Below is the updated profile page design, with an additional mod list for admins.
Admin Profile Page:
New Hunter Drop Screen:
While not much looks different from the previous design on the surface, it is important to note the new radii on the map! Rather than hunters being able to pinpoint exactly where the dinosaur is, they will have to look within the radius.
There is additionally a button that brings up a “Report” screen for when there is an issue with the drop. This will be showcased in the development showcase!
New Mod Drop Form:
Lastly, we completely remodeled our Mod Drop form to complement our Dinosaur backend object changes. Each dinosaur has its own specific code and photos specified in the drop down menu. When a dinosaur is found in the drop, their specific images will be deleted.
In addition, there is a second screen for moving the specific radius location, and changing the size of the radius with the drop bar.
Architecture & Design
The application is built on three major parts: storage, frontend, and backend. Storage refers to where the data is saved, and varies based on the purpose of the data. The frontend refers to the screens that the user interacts with, and the backend manages communication between MongoDB and the AWS S3 bucket.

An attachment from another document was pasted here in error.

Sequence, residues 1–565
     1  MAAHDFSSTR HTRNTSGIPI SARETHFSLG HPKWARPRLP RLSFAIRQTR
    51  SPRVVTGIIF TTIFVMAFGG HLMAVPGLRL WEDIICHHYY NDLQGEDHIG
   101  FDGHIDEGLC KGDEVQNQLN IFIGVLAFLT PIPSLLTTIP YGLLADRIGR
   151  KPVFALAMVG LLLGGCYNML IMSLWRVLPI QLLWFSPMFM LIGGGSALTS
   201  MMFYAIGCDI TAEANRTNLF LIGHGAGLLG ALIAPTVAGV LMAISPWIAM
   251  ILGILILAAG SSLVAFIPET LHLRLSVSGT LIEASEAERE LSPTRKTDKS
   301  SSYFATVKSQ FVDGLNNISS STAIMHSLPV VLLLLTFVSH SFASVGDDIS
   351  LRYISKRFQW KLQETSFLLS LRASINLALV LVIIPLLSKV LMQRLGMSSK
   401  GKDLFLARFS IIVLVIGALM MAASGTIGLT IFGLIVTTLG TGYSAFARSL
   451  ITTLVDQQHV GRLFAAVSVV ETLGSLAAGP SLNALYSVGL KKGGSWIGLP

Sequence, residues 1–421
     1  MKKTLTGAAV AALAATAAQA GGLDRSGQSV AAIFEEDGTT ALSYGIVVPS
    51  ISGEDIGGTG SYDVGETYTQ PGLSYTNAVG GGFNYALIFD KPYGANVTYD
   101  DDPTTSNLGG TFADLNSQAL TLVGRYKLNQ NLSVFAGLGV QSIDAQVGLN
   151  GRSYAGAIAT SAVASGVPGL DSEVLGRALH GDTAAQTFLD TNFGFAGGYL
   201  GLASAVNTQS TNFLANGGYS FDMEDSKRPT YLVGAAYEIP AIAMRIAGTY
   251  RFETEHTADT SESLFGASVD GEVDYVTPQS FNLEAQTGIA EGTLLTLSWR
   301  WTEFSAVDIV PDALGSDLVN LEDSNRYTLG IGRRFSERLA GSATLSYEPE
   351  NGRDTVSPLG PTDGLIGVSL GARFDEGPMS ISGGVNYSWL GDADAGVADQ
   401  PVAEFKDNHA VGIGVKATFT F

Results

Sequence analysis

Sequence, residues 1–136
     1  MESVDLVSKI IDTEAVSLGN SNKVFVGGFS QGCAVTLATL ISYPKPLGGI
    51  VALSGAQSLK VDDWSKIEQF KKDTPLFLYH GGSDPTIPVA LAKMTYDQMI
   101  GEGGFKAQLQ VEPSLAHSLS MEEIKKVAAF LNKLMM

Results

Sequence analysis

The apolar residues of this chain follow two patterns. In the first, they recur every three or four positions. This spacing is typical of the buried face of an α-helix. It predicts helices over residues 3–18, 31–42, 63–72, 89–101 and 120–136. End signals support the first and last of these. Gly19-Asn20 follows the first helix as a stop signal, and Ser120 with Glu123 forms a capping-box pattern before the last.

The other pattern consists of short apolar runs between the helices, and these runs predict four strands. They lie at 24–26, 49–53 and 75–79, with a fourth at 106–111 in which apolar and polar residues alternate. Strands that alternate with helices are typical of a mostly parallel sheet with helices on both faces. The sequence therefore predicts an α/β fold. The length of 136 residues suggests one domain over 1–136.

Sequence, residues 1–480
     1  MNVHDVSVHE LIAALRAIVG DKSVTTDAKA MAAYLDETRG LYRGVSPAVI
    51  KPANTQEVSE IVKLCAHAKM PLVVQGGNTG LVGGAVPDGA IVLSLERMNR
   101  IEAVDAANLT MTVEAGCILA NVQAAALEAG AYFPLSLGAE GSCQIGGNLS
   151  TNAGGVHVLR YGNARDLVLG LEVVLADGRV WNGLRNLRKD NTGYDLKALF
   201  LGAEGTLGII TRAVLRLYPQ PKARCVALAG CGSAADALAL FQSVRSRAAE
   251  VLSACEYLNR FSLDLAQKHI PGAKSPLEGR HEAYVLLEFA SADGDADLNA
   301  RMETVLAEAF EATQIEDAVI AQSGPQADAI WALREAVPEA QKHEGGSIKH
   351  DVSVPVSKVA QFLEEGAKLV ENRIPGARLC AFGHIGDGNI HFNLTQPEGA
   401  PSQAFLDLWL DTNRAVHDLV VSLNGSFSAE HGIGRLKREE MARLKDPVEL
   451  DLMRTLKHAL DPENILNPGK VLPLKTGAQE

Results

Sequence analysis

The storage refers to the data saved, which is either in local async storage, AWS S3 bucket, or the MongoDB. The local async storage is for the frontend for ensuring persisting login credentials. AWS S3 bucket is used for storing images moderators input as hints when creating or editing new Drops. MongoDB involves storing documents about users, drops, and dinos (see the Data Structure & Algorithms section for more information).
Frontend consists of the UI pages such as the Login page, Tutorial page, Mod Drop Form, Profile page, and Drops page. The Login page involves Google Authentication, such that we can verify the user through Google. We utilized an Expo library called AuthSession to handle sending authentication requests to Google and handling callbacks to get general information like the name, email and Google ID.
These are the three backend objects that are central to our app. Drop is by far the most important component as it holds most of the important information for a drop’s location and other key attributes.